A total of 340 third-trimester antenatal mothers were approached for the quantitative part of the study, and everyone agreed to participate. The mean (SD) age of the participants was 25.02 (3.83) years. The median (IQR) monthly family income in INR of the participants was Rs. 8000 (2000-14750). Three-fourth of the participants were from Tamil Nadu and one-fourth (25.9%) were from Puducherry [Table 1].{Table 1}

Around 71.2% of the population had at least 4–8 antenatal care (ANC) visits. Sixty-two percent of the study participants had received more than 180 tablets and 65% had received health education from the health-care providers. Among the total participants, 16.8% of the pregnant women experienced some side effects to IFA tablets, among whom 55% reported their side effects to their health-care provider (data not provided in tables).

The adherence to IFAS among the antenatal mothers was 63.8% (95% CI: 58.61–68.6). The factors associated with adherence to IFAS were primigravida status (PR: 1.22 [95% CI: 1.02–1.45]), nonanemic in the first trimester (PR: 1.27 [95% CI: 1.09–1.49]), received health education (PR: 1.23, [95% CI: 1.03–1.47]), and did not experience side effects (PR: 3.16 [95% CI: 1.95–5.12]) [Table 2].{Table 2}

The most common reasons stated for adherence were to improve their health (40%) and their baby's health (46.5%). About 7.7% of the participants reported that adherence was due to doctor's advice, whereas 6.9% mentioned as emphasis from the family members. Reasons given for nonadherence were forgetfulness (32%) and side effects to IFA tablets (27.5%).

Morisky scale was used to capture the behavior-related factors of medication adherence, nearly seventy percent (68.2%) of the participants reported that they had forgotten to take tablets at some point of time, and 43.8% reported that they avoided IFAS when they felt worse by taking the tablets. Around 37.4% ignored to take tablets even after remembering, and 12.1% did not take tablets whenever they felt that they were good health [Table 3].{Table 3}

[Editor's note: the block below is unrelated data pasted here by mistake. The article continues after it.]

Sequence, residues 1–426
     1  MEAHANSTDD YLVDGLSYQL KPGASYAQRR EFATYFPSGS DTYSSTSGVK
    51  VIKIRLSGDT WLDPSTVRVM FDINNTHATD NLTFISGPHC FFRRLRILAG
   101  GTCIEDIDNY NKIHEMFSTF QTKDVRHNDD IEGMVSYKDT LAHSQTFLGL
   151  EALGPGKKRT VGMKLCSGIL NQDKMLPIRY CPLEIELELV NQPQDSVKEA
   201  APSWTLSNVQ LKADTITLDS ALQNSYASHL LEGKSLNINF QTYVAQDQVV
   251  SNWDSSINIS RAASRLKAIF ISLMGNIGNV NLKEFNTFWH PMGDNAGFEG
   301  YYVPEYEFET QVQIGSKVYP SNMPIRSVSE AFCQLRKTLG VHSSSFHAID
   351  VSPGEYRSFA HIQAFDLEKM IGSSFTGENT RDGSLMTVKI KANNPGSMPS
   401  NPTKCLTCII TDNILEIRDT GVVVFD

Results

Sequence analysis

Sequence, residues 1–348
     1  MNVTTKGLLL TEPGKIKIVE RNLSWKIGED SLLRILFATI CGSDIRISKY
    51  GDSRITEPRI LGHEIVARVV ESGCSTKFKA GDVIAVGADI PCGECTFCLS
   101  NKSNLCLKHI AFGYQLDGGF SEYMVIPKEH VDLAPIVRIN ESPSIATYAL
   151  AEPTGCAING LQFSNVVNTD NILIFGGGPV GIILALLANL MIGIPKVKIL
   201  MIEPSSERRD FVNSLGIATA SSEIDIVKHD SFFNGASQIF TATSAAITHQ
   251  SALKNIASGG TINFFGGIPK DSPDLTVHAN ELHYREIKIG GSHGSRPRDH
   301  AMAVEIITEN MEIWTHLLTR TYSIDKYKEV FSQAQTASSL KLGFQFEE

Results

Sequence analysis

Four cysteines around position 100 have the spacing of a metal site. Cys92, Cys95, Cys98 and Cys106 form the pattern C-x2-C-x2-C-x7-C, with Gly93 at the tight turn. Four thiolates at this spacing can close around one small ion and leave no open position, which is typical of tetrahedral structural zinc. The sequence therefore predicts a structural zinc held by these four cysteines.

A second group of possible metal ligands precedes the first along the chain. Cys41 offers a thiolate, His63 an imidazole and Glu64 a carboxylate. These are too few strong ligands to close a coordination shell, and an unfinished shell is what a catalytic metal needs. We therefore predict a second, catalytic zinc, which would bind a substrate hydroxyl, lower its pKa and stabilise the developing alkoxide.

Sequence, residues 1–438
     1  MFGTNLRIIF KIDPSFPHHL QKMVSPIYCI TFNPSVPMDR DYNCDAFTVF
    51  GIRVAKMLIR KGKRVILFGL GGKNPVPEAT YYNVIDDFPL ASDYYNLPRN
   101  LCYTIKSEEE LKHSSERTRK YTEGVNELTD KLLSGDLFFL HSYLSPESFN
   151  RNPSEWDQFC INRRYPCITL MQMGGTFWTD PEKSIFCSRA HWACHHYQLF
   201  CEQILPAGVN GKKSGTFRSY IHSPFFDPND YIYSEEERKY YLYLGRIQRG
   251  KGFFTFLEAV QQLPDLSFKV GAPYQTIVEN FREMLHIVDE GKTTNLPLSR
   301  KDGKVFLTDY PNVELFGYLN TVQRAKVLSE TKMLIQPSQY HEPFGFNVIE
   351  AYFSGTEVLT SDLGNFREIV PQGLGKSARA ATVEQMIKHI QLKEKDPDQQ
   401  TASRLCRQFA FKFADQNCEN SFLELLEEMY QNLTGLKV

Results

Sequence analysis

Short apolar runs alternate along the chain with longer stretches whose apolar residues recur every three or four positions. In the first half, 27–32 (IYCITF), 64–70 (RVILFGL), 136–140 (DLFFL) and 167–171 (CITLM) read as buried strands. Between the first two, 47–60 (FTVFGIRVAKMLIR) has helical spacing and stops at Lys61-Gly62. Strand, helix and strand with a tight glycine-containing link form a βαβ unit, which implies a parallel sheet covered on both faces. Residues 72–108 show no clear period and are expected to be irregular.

Qualitative (Phase 2)

A total of 8 IDIs and 4 KIIs were conducted among the antenatal mothers and health-care providers, respectively. Themes and codes were generated to build a conceptual framework [Flowchart 1].[INLINE:1]

Knowledge-related factors

Awareness on the importance and strategies for the prevention of anemia in antenatal period was moderate among the participants. The participants knew that iron was essential to improve blood count (hemoglobin), and anemia could affect their health as well as their baby's health. Many mothers stated that they took iron tablets in response to the emphasis by the health education provided by the health workers.

“My Hb level is 8 points or something…, earlier it was 11.5 points. I have to take IFAS to increase the Hb level” – A 23-year-old mother with anemia.

“Most of the mothers are aware of the importance of taking IFA tablets, because when they register their pregnancy in the PHC for receiving maternity benefits they are given enough health education” – A public health nurse.

Distorted perception reinforced by negative experiences

The common reasons given for nonadherence to IFAS was the myths and misconceptions. The antenatal mothers have received various false information from their family members or from their neighborhood.

“Elders in my house advised me not to take tablets, they think that the baby's brain development might get affected or baby might get some disability because of these tablets” – A mother from rural area.